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Tuesday, April 17, 2007

Pulitzers missing

The Oregonian cannot find two prizes
Three nominations, but only one award to "staff"

In a nod to Oregon's emerging collectivism under the leadership of out-of-state billionaire Oregonian owner Si Newhouse, a Pulitzer Prize was awarded yesterday to the staff of the statewide monopoly daily. The Pulitzer committee failed to cite an individual reporter in recognizing the paper's criticism of Oregon's public safety system in the breaking news category.

Cheers and whistles erupted on the fourth floor of The Oregonian as word of the prize flashed on a screen at noon. But the self-congratulation and bonhomie quickly turned to into a frantic search when publisher Fred Stickel and editors realized they had lost two awards to competitors.

Editor Sandy Rowe, speaking after the pop of champagne corks had faded, said the missing awards reflect a big mistake by the Pulitzer committee and vowed to contest the results. "The truth is that many of you in the newsroom, and some people who are not here today, have been ripped off," Rowe said. "This will not stand."

The Oregonian was a finalist in two other categories in the 2007 Pulitzers - national reporting and feature writing. The Boston Globe won in national reporting for detailing President Bush's use of signing statements to bypass provisions of new laws. And the feature writing prize went to The New York Times.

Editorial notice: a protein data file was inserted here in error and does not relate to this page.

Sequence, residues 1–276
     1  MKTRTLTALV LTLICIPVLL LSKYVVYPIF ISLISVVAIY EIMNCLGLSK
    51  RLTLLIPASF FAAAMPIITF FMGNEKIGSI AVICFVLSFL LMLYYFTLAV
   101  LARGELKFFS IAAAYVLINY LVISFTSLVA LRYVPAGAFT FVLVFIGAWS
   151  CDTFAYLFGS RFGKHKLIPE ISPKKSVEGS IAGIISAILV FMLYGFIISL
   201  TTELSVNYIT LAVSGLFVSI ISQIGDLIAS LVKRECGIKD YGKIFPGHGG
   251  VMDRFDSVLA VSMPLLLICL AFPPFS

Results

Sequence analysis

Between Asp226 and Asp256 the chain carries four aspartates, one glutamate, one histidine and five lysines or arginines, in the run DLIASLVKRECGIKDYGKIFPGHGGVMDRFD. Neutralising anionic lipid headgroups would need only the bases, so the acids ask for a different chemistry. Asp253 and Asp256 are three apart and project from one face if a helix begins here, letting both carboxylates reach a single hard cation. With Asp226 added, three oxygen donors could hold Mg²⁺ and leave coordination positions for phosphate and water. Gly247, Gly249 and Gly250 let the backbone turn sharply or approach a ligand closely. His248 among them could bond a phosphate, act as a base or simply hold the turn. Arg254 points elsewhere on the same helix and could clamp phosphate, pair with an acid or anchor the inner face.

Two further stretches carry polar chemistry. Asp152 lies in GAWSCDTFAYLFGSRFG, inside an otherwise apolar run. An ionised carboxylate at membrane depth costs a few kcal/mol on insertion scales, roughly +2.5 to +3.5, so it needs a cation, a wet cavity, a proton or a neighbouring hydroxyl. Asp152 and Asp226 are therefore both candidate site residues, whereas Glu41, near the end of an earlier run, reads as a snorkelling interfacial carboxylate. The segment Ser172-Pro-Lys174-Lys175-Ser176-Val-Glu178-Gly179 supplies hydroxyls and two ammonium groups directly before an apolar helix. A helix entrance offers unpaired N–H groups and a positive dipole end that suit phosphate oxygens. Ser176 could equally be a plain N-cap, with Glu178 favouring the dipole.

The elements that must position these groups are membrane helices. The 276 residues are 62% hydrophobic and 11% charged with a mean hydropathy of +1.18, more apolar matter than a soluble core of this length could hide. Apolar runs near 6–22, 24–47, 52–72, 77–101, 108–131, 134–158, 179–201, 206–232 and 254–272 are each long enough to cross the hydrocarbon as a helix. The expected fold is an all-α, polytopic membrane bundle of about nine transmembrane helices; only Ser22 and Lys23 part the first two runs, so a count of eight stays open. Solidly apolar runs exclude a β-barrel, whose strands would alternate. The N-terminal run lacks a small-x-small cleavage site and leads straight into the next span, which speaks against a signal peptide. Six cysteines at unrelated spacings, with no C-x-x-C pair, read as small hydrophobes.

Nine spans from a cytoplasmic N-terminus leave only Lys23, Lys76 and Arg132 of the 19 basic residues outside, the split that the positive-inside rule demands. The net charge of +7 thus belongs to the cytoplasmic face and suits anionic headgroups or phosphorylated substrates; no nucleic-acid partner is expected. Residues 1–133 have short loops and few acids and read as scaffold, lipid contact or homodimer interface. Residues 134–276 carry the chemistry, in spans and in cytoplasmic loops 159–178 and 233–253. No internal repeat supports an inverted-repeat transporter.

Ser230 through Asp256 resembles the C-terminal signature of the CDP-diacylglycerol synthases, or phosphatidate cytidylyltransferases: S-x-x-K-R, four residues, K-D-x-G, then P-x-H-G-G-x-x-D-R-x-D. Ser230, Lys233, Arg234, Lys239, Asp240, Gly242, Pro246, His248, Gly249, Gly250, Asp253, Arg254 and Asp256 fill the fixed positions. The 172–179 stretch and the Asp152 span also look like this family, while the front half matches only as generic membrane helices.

The Oregonian's executive editor, Peter Bhatia, called out the Globe and Times as unworthy winners. "Si Newhouse allows us to lobby. But these two papers took the Pulitzer Committee to places where even Si wouldn't let us go," Bhatia said, referring to the spendy red light districts in the larger cities of Boston and New York. "The results were truly spectacular."

Rowe glumly pointed out that many other staff members were involved on the nominating committees, increasing the chances that the beleaguered monopoly daily would receive at least one prize. "Not winning three prizes is a huge tragedy for us," she said.

An official investigation funded by Newhouse will be conducted by the Oregon State Sheriffs' Association into the competing papers' lobbying efforts, but experts say it is unlikely to turn up hard evidence of wrongdoing.

"A high purpose of journalism is to reveal systemic problems in our own procedures," Rowe said. "That's what we did since the Tom Hallman-Andrew Wiederhorn bribery scandal. I'm sorry the Pulitzer committee did not recognize our work that has helped spur improvements at The Oregonian."

The Oregonian, Apr. 17, By STEPHEN CARTER

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